Today Google is announcing its 2020 successor to its budget/mid-range line of phones in the form of the new Pixel 4a. Awaited since several months now, but seemingly delayed into August, the new Pixel 4a brings to the table a few key upgrades whilst offering a Google software experience at a $349 price point.Last year’s Pixel 3a and Pixel 3a XL were seemingly well received devices, with Google’s strategy being mostly focused on offering a “Google Experience” software stack that’s only found on Pixel devices. This year, Google is trying to continue this focus with the Pixel 4a, with the biggest obvious change being that we’re not seeing a 4a XL being released at this point in time.
Some aspects of computing rely on density, and need to pack as many compute processing elements in the smallest space possible. Intel’s Xeon Platinum 9200 range was created to solve these problems, however uptake seems to be limited due to the high power consumption, suited only for those with deep pockets and the ability to deploy. Penguin Computing has introduced a new Xeon Platinum 9200 platform, called TundraAP, to enable better power efficiency and higher compute density.
Lian Li is highly regarded for its elegant and premium aluminium chassis, most recently its entry-level O11 Dynamic XL E-ATX case, which has become one of its most popular ranges. Its latest product marks the companies first foray into the liquid cooling market with the Galahad AIO series, with two different sizes available, including 240 and 360 mm.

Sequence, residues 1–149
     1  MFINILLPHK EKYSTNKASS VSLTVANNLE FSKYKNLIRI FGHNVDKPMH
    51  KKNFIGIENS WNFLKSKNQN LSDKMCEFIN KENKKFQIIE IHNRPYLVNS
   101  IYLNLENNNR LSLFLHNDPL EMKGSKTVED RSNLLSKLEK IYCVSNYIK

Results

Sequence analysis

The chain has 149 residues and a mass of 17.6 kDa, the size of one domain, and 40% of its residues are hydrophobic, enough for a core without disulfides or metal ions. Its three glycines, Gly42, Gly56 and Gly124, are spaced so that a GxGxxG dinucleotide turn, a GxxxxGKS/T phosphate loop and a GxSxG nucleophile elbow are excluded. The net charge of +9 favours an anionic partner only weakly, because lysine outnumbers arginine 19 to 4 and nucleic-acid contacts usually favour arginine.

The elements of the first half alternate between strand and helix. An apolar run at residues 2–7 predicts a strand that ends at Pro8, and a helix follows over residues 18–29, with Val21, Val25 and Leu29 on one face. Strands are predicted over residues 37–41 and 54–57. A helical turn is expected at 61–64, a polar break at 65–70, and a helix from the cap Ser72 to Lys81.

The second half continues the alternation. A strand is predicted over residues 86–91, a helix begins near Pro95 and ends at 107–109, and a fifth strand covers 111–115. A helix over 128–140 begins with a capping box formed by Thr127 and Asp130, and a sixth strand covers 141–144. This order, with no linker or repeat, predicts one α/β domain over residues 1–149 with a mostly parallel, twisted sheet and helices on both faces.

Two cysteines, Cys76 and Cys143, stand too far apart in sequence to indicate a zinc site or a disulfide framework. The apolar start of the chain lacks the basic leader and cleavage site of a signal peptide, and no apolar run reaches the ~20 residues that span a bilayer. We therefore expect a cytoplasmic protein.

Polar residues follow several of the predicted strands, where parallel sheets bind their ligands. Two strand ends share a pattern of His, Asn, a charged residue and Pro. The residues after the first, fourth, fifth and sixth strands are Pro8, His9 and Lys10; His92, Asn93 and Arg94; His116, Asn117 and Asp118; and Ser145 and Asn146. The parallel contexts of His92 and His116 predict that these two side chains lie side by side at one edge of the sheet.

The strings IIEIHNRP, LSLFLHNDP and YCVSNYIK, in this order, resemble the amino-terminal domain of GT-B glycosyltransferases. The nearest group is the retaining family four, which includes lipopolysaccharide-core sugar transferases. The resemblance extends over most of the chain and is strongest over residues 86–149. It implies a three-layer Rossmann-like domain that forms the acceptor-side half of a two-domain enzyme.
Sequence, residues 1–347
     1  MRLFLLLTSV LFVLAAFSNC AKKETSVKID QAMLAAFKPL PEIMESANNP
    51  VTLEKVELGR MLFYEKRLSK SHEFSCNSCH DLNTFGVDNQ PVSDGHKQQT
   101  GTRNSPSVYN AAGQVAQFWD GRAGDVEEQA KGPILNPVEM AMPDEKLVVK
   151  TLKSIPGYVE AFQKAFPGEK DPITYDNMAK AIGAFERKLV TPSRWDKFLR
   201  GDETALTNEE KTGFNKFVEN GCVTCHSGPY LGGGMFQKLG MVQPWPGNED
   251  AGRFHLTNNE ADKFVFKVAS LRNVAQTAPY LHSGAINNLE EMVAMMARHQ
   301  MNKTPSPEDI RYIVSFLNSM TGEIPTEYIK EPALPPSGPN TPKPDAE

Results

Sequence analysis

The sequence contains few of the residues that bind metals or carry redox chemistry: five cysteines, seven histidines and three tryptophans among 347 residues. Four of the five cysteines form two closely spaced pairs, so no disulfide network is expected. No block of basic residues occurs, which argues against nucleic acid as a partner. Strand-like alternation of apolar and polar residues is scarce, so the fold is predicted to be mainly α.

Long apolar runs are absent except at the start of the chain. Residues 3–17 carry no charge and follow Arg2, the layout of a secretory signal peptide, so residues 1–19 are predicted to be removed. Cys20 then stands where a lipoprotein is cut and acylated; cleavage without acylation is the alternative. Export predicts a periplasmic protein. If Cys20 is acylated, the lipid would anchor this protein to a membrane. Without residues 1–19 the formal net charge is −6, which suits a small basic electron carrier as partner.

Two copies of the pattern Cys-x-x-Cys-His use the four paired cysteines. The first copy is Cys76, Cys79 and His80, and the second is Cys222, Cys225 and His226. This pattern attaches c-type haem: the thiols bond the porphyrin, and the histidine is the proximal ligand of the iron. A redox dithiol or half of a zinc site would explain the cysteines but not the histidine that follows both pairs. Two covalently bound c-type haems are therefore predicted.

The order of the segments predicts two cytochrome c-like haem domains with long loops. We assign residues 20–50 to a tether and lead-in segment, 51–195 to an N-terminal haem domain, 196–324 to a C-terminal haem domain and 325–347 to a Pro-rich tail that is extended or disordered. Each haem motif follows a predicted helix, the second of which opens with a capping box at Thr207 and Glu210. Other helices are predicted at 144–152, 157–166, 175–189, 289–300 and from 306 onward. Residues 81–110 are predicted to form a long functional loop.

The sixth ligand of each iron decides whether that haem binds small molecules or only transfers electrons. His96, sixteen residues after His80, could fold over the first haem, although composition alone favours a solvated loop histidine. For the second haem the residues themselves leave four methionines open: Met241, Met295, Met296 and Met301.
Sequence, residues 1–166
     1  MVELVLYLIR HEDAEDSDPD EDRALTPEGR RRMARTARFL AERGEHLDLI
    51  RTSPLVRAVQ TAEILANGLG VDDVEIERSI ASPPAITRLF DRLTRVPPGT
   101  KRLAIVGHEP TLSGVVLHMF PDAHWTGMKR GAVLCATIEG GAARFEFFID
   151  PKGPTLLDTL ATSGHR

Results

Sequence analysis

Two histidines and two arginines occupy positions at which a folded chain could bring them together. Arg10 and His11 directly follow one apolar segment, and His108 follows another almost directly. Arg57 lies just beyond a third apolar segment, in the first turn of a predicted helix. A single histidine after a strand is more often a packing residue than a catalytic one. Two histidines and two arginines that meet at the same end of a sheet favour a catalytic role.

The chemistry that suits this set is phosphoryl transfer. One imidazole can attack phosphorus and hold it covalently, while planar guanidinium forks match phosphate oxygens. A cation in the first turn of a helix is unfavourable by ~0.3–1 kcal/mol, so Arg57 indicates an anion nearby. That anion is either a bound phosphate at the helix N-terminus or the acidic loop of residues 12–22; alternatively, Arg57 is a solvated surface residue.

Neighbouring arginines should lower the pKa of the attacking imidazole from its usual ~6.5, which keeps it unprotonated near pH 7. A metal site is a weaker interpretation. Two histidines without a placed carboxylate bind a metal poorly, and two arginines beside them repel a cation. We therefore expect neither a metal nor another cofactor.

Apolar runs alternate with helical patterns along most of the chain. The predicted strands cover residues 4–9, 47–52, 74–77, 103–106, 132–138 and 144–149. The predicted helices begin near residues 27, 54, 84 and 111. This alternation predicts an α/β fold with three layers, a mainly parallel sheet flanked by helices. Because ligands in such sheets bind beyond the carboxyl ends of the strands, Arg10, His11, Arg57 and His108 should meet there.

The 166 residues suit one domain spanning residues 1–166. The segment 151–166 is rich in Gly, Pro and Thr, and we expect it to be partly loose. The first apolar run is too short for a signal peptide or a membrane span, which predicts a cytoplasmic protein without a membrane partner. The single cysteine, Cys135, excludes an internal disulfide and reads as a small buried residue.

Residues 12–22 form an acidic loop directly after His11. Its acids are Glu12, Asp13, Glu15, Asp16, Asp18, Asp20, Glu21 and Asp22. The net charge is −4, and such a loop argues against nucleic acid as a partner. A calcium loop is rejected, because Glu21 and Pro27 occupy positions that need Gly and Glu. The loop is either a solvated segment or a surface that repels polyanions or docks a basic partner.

Yesterday we saw Memblaze introducing a new series of low-power server-class NVMe SSDs that focus on providing excellent performance whilst maintaining lower power consumption levels, aiming at enterprises improving their storage energy efficiency. The new PBlaze5 C520, D520, C526 and D526 SSDs come in either 2.5” U.2 or HHHL form-factors in two capacity classes for each model.Unlike its bigger brethren C900 series models which we had reviewed last year, the new 52X series units limit their performance characteristics by sticking to a PCIe 3.0 x4 interface, with all devices covered today peaking at a sequential read speed of 3.3GB/s.The 520 models come with in either 1.92TB or 3.84TB variants, while the 526 models feature in 1.6TB or 3.2TB configurations. Random read IOPS come in at a flat 520K for all the models, whilst random write IOPS for the 520 series range from 68K on the 1.92TB unit to 70K on the 3.84TB unit. The D526 and C526 both measure in at 135K random write IOPS.As opposed to the 900 series SKUs which either use 32- or 64-layer enterprise 3D TLC NAND, the new more energy efficient models use newer 96L chips.The reason why’d you want to choose these lower power models is of course for deployments which require higher energy conservation or lower heat generating hardware. Compared to the 900 series, idle power consumption is reduced from 7W to down to 4W, whilst operating power reduces from 25W to 9W, with an advertised 12W peak consumption.Memblaze PBlaze5 Series SpecificationsPBlaze5 D520PBlaze5 C520PBlaze5 D526PBlaze5 C526Form Factors2.5" U.2 DriveHHHL AIC2.5" U.2 DriveHHHL AICInterfacePCIe 3.0 x4PCIe 3.0 x4PCIe 3.0 x4PCIe 3.0 x4Capacities1.92TB